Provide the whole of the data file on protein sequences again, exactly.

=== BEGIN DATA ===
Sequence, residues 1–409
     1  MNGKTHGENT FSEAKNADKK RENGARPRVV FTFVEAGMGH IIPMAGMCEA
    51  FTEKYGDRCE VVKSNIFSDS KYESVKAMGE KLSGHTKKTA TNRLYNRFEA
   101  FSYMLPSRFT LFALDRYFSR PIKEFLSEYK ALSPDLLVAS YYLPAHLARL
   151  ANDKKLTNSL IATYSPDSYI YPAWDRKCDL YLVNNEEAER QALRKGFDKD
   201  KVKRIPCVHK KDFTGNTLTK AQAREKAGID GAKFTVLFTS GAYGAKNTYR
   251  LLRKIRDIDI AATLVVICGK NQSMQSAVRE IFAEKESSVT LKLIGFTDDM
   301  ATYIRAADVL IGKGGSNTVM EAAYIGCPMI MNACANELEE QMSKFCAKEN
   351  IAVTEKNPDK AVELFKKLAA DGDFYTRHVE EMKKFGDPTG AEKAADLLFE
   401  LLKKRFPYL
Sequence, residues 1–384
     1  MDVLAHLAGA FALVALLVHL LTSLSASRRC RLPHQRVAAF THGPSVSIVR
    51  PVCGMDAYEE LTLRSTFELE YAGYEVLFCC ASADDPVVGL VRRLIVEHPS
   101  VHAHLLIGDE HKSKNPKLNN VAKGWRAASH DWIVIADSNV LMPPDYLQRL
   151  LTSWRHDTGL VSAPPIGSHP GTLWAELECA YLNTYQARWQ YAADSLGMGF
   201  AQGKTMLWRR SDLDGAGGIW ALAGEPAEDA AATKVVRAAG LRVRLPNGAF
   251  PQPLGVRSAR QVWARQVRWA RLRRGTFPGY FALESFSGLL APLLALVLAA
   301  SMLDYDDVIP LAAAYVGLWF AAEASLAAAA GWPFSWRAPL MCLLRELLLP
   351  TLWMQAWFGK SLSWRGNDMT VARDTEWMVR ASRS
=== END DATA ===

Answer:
Sequence, residues 1–409
     1  MNGKTHGENT FSEAKNADKK RENGARPRVV FTFVEAGMGH IIPMAGMCEA
    51  FTEKYGDRCE VVKSNIFSDS KYESVKAMGE KLSGHTKKTA TNRLYNRFEA
   101  FSYMLPSRFT LFALDRYFSR PIKEFLSEYK ALSPDLLVAS YYLPAHLARL
   151  ANDKKLTNSL IATYSPDSYI YPAWDRKCDL YLVNNEEAER QALRKGFDKD
   201  KVKRIPCVHK KDFTGNTLTK AQAREKAGID GAKFTVLFTS GAYGAKNTYR
   251  LLRKIRDIDI AATLVVICGK NQSMQSAVRE IFAEKESSVT LKLIGFTDDM
   301  ATYIRAADVL IGKGGSNTVM EAAYIGCPMI MNACANELEE QMSKFCAKEN
   351  IAVTEKNPDK AVELFKKLAA DGDFYTRHVE EMKKFGDPTG AEKAADLLFE
   401  LLKKRFPYL
Sequence, residues 1–384
     1  MDVLAHLAGA FALVALLVHL LTSLSASRRC RLPHQRVAAF THGPSVSIVR
    51  PVCGMDAYEE LTLRSTFELE YAGYEVLFCC ASADDPVVGL VRRLIVEHPS
   101  VHAHLLIGDE HKSKNPKLNN VAKGWRAASH DWIVIADSNV LMPPDYLQRL
   151  LTSWRHDTGL VSAPPIGSHP GTLWAELECA YLNTYQARWQ YAADSLGMGF
   201  AQGKTMLWRR SDLDGAGGIW ALAGEPAEDA AATKVVRAAG LRVRLPNGAF
   251  PQPLGVRSAR QVWARQVRWA RLRRGTFPGY FALESFSGLL APLLALVLAA
   301  SMLDYDDVIP LAAAYVGLWF AAEASLAAAA GWPFSWRAPL MCLLRELLLP
   351  TLWMQAWFGK SLSWRGNDMT VARDTEWMVR ASRS